Artificial neural network modelling of the antioxidant activity and phenolic compounds of bananas submitted to different drying treatmentsby Raquel P.F. Guiné, Maria João Barroca, Fernando J. Gonçalves, Mariana Alves, Solange Oliveira, Mateus Mendes

Food Chemistry


Analytical Chemistry / Food Science


Declaration of Intent

Feminist Network of Hungary

Conservation and land management

The Viscount of Arbuthnott

Strategies of social research in Mozambique

by Members of the Centre of African


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Alag 199

University of Coimbra, Pinhal de Marrocos – Polo II, 3030 Coimbra, Portugal reproduction of plants, besides being responsible for the colour, astringency and aroma in several foods (Sharma, 2014). These compounds, being antioxidants, fight free radicals (Rodrigo &

Gil-Becerra, 2014), prevent heart diseases (Jiang, 2014; Khoo & ing may destroy unds, thus reducdız, & Akdemir ngles, & C family Mu and are one of the most popular fruits worldwide. They strong ability to protect themselves from the oxidative caused by intense sunshine and high temperature by increasing their antioxidant levels. Bananas contain vitamins (A, B, C and E), b-carotene and phenolic compounds, such as catechin, epicatechin, lignin, tannins and anthocyanins (Huang et al., 2014; Sulaiman et al., 2011), and are notably perishable, as they ripen rapidly causing significant changes of physicochemical, biochemical and sensory attributes (Huang et al., 2014). Hence drying represents ⇑ Corresponding author. Tel.: +351 232446641; fax: +351 232426536.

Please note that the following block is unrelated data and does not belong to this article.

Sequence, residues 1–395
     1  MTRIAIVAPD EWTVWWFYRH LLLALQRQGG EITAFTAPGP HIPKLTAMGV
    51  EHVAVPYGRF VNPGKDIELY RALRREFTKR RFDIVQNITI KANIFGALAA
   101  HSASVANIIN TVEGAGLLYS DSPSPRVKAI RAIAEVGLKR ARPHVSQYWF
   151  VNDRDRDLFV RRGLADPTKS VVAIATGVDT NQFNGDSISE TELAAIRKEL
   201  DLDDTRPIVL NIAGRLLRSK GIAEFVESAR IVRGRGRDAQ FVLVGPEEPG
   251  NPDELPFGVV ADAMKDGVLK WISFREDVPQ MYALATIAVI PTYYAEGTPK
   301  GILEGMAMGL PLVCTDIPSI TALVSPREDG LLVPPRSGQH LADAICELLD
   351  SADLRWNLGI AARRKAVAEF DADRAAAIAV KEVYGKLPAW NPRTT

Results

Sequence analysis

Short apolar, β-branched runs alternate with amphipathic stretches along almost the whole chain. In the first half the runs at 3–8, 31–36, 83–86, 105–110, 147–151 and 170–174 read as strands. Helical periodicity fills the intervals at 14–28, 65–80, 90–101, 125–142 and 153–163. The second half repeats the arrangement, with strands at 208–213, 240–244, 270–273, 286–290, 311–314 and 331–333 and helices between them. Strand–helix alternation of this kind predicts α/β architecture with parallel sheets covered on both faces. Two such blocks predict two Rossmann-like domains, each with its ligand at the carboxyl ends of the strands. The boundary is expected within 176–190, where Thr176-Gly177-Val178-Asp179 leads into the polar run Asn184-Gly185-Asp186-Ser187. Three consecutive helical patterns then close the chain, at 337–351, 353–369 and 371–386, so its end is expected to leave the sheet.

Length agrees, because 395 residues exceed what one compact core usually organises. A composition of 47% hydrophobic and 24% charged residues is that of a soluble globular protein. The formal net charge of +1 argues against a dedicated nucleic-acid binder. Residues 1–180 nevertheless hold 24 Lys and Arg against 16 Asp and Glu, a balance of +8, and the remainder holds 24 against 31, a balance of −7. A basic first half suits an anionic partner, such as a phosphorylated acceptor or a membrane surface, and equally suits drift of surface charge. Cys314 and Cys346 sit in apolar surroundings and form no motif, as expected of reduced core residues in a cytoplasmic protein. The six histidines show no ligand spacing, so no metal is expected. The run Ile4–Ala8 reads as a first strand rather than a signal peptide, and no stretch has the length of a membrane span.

E-mail addresses: (R.P.F. Guiné), (M.J. Barroca), (F.J. Gonçalves), (M. Alves), (S. Oliveira), (M. Mendes).

Food Chemistry 168 (2015) 454–459

Contents lists availab

Food Che lseing chain reactions. These natural chemical compounds are generally aromatic and contain at least one hydroxyl group and are called bioactive substances, including, among others, phenolic compounds that are part of the constitution of various foods.

Phenolic compounds are widely present in the plant kingdom, have simple or complex structures, and are essential for growth and (Maqsood & Benjakul, 2010). Thermal process the amount or the bioavailability of these compo ing beneficial health effects (Agcam, Akyıl

Evrendilek, 2014; Al Bittar, Périno-Issartier, Da 2013).

Bananas belong to the genus Musa from the 0308-8146/ 2014 Elsevier Ltd. All rights reserved.hemat, saceae have a stressPhenolic compounds  2014 Elsevier Ltd. All rights reserved. 1. Introduction

The antioxidant compounds can be defined as substances that in small concentrations, compared to the oxidizable substrate, significantly delay or prevent the initiation or propagation of oxidisFalk, 2014), neurodegenerative disorders (Hamaguchi, Ono,

Murase, & Yamada, 2009), circulatory problems (Medina-Remón,

Tresserra-Rimbau, Valderas-Martinez, Estruch, & LamuelaRaventos, 2014), cancer (Fernández-Arroyo et al., 2012), inflammation (Wen, Chen, & Yang, 2012), and inhibit lipid oxidationa r t i c l e i n f o

Article history:

Received 3 April 2014

Received in revised form 17 June 2014

Accepted 17 July 2014

Available online 24 July 2014


Antioxidant activity



Neural networka b s t r a c t